This Isn't the String Quartet You Think It Is

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ETHEL

Mozart, Haydn, Beethoven, Bartok — they all wrote wonderful music for string quartet, that amazing composite instrument made up of two violins, viola and cello. The Russian composer Anton Arensky (1861-1906) also wrote music for string quartet ... only his String Quartet No. 2 calls for one violin, viola and two cellos. An “upside down” quartet, if you will. 

We’ll hear some of that music, plus a string quartet from Germany called Badz that uses two violins, no viola, a cello and double bass. Rachel Elliott is a bassoonist, so her quartet piece throws out most of the strings entirely — using instead violin, guitar, percussion and bassoon. On this edition of The Furthermore, we’ll hear lots of colorful, but oddly constructed small ensembles.

Tune in Saturday at 9 pm and Wednesday at 10 pm on WQXR.

Program playlist:  

Tchaikovsky: Legend, from “16 Songs for Children”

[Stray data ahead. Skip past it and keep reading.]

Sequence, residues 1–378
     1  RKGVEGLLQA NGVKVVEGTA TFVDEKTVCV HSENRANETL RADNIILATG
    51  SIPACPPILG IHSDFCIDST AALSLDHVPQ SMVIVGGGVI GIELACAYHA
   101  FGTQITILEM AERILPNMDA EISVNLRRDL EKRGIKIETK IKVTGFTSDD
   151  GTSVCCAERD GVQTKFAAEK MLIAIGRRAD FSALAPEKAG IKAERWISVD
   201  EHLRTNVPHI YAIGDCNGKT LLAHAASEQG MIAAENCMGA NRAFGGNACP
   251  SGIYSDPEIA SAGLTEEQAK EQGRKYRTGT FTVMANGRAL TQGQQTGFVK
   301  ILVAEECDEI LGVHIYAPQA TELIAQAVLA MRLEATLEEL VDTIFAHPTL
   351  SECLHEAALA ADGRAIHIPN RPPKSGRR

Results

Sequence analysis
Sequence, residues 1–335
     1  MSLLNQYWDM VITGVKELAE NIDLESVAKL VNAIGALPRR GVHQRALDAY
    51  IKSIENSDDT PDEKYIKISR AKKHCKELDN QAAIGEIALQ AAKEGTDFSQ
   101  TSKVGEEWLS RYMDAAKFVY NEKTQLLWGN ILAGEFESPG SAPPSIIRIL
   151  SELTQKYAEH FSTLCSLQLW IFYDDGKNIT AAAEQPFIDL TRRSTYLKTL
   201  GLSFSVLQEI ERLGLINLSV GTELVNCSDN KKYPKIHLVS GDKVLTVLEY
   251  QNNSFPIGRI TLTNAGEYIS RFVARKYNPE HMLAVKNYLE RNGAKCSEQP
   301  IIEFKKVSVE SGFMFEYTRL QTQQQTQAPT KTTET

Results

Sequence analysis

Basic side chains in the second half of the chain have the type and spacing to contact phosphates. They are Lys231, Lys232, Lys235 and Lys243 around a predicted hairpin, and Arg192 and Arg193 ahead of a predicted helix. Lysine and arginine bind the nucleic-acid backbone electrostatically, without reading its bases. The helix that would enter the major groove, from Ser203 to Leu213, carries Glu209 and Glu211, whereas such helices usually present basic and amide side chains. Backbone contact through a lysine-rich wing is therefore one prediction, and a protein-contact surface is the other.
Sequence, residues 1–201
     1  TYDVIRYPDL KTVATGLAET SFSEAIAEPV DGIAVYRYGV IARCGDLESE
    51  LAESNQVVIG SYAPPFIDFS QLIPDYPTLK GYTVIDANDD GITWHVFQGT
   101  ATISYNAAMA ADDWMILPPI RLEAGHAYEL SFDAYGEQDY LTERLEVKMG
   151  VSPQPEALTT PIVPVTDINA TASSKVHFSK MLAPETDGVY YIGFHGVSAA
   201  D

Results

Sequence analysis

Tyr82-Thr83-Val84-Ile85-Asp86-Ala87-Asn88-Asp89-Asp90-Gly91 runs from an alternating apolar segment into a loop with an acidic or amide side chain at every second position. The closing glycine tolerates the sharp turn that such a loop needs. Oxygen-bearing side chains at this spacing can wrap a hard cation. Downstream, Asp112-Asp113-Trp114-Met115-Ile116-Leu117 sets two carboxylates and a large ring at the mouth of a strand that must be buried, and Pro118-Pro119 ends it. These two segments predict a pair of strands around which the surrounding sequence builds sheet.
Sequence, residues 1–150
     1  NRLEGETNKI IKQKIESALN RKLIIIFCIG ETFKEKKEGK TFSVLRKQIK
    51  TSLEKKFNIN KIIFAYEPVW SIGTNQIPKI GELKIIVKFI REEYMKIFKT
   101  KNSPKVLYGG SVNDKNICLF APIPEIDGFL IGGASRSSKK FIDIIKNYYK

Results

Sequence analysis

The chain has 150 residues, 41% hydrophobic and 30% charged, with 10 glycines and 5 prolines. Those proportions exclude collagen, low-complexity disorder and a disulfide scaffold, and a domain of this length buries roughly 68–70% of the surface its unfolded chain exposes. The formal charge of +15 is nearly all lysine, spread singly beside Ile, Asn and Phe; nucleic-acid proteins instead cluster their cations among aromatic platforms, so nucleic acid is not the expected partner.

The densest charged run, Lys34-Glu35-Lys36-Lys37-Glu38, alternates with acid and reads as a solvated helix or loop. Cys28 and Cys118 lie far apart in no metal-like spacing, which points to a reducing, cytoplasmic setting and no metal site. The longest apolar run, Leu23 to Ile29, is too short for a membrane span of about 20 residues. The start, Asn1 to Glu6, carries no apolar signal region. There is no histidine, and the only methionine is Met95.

The Boys Choir of the Glinka Choir College

Anton Arensky: String Quartet No. 2, second movement: variations on a theme by Tchaikovsky
Theme, Variations 1-2
The Nash Ensemble 

Simon Jeffes: Perpetuum Mobile
Penguin Café Orchestra 

Arthur Jeffes: Aurora
Penguin Café 

Rachel Elliott: Bed and Rest
Clogs (ensemble)

Nils Frahm: Ambre (arr. Christian Badzura)
Daniel Hope, violin; with ensemble 

Anton Arensky: String Quartet No. 2, second movement: variations on a theme by Tchaikovsky
Theme, Variations 4, 5, and 3
The Nash Ensemble

Robert Een: Broken Waltz, from “Hiroshima Maiden”
Robert Een, cello; Bill Ruyle, dulcimer

Badz: Cello D’Amour
Badz (quartet)

Marcelo Zarvos: Rounds
Ethel (string quartet)

Michel Portal: Minor Waltz
Michel Portal, bandoneon; Laurent Korcia, violin; Christopher Lartilleux, guitar

Anton Arensky: String Quartet No. 2, second movement: variations on a theme by Tchaikovsky
Variation 6
The Nash Ensemble